PURPOSE This study aimed at evaluating the efficacy and safety of high-dose (> 0.2 L/kg of treated plasma per day) coupled plasma filtration-adsorption (CPFA) in treating patients with septic shock. METHODS Multicentre, randomised, adaptive trial, performed in 12 Italian intensive care units (ICUs). Patients aged 14 or more, admitted to the ICU with septic shock, or had developed it during the stay were eligible. The final outcome was mortality at discharge from the last hospital at which the patient received care. RESULTS Between May 2015, and October 2017, 115 patients were randomised. The first interim analysis revealed a number of early deaths, prompting an unplanned analysis. Last hospital mortality was non-significantly higher in the CPFA (55.6%) than in the control group (46.2%, p = 0.35). The 90-day survival curves diverged in favour of the controls early after randomisation and remained separated afterwards (p = 0.100). An unplanned analysis showed higher mortality in CPFA compared to controls among patients without severe renal failure (p = 0.025); a dose-response relationship was observed between treated plasma volume and mortality (p = 0.010). CONCLUSION The COMPACT-2 trial was stopped due to the possible harmful effect of CPFA in patients with septic shock. The harmful effect, if present, was particularly marked in the early phase of septic shock. Patients not requiring renal replacement therapy seemed most exposed to the possible harm, with evidence of a dose-response effect. Until the mechanisms behind these results are fully understood, the use of CPFA for the treatment of patients with septic shock is not recommended.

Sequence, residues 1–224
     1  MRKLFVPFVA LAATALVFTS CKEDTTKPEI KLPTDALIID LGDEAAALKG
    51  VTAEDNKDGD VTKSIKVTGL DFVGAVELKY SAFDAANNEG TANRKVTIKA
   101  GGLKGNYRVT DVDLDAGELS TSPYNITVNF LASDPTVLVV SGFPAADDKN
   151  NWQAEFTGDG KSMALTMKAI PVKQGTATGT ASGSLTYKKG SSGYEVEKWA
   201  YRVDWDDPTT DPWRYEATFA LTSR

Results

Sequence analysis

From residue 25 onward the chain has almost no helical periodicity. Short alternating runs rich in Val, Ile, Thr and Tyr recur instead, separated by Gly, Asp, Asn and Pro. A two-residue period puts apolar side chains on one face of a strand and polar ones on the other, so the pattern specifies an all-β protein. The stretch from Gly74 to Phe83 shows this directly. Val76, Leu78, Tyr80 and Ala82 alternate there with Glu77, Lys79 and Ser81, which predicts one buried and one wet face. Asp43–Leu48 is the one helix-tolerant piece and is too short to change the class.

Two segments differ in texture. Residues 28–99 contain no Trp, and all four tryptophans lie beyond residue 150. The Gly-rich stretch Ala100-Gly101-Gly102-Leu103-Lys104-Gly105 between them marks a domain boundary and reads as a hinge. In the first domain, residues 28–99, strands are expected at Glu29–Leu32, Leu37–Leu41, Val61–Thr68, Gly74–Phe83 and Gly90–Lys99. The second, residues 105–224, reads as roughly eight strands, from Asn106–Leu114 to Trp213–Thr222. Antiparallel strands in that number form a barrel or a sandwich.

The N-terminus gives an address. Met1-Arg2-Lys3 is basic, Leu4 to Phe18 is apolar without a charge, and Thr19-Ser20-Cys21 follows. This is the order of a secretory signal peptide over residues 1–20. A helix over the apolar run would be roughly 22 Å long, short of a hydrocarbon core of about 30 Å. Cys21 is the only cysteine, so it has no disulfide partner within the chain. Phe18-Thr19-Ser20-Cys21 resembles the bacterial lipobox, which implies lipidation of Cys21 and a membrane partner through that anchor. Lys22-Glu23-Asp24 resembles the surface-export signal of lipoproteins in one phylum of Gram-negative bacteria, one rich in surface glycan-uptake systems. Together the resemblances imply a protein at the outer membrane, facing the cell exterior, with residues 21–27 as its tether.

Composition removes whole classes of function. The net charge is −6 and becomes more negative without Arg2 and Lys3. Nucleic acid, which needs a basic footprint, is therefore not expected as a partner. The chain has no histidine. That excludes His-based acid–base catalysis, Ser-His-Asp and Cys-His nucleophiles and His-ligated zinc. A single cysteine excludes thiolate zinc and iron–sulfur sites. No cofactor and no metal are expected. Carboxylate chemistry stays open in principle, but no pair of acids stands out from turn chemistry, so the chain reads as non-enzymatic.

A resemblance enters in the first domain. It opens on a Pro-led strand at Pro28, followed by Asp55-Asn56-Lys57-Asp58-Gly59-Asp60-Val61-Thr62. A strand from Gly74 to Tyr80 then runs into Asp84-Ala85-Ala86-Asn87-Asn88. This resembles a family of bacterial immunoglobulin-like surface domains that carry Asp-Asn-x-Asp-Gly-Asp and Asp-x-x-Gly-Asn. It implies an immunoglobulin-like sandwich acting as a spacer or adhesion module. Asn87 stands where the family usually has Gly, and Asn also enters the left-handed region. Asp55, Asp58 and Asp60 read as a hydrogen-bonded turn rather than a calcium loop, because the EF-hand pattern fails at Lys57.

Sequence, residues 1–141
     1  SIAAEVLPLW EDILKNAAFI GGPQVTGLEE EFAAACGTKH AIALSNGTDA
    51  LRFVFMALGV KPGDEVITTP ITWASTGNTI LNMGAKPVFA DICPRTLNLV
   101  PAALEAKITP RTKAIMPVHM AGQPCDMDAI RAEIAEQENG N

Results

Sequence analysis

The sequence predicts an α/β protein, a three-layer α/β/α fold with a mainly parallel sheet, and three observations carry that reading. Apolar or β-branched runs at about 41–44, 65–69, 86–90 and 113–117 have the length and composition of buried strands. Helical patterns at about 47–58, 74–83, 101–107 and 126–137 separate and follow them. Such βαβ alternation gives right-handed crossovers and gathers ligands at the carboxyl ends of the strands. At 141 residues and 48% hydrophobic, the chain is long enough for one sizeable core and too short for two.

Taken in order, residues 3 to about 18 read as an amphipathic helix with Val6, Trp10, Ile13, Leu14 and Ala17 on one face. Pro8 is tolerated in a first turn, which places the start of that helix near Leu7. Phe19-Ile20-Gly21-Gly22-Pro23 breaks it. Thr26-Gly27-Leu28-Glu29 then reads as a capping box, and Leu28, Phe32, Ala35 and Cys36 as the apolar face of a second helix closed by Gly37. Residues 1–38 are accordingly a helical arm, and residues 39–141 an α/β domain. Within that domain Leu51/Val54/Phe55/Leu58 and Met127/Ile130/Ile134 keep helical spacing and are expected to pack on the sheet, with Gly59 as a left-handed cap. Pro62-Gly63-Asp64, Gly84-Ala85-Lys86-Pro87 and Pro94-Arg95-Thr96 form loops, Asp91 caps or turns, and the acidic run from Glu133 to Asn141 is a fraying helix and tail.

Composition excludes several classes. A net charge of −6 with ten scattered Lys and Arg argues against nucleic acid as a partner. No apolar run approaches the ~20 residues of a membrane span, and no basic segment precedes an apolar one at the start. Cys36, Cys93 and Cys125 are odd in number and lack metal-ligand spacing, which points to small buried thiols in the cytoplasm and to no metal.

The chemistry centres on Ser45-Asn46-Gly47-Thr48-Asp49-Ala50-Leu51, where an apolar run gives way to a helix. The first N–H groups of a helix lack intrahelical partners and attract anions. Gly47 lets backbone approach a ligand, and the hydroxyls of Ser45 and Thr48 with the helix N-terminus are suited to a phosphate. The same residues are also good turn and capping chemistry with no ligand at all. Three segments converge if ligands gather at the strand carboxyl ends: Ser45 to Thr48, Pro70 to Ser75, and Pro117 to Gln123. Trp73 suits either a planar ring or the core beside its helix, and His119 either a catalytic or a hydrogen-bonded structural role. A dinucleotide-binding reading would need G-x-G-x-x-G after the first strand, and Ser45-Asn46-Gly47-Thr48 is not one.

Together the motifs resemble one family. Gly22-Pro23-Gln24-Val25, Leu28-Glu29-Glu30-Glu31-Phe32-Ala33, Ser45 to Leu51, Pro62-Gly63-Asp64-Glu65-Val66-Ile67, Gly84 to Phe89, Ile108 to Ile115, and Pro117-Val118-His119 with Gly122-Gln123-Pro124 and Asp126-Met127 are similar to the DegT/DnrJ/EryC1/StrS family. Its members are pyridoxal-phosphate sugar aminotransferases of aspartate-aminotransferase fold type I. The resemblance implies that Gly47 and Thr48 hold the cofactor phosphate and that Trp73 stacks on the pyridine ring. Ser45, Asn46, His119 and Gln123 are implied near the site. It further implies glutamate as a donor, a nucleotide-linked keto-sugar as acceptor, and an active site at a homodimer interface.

Patients aged 14 or more with septic shock, enrolled in the COMPACT-2 multicentre trial (n= 115).
High dose coupled plasma filtration-adsorption (CPFA), (n= 63).
Standard care (n= 52).
The first interim analysis revealed a number of early deaths, prompting an unplanned analysis. Last hospital mortality was non-significantly higher in the CPFA (55.6%) than in the control group (46.2%). The 90-day survival curves diverged in favour of the controls early after randomisation and remained separated afterwards. An unplanned analysis showed higher mortality in CPFA compared to controls among patients without severe renal failure; a dose-response relationship was observed between treated plasma volume and mortality. The COMPACT-2 trial was stopped due to the possible harmful effect of CPFA in patients with septic shock.
Therapeutic Plasma Exchange Protects Patients with Sepsis-Associated Disseminated Intravascular Coagulation by Improving Endothelial Function
Clinical and applied thrombosis/hemostasis : official journal of the International Academy of Clinical and Applied Thrombosis/Hemostasis. 2021;27:10760296211053313